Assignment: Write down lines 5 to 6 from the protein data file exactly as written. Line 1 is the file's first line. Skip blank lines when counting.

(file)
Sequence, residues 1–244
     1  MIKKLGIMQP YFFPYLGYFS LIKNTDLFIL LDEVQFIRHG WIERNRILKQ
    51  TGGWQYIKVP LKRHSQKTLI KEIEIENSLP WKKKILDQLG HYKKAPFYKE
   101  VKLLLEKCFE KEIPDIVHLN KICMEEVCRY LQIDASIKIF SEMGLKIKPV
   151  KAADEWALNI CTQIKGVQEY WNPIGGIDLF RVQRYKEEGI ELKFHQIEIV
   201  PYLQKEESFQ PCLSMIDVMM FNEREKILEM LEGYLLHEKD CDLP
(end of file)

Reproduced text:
   151  KAADEWALNI CTQIKGVQEY WNPIGGIDLF RVQRYKEEGI ELKFHQIEIV
   201  PYLQKEESFQ PCLSMIDVMM FNEREKILEM LEGYLLHEKD CDLP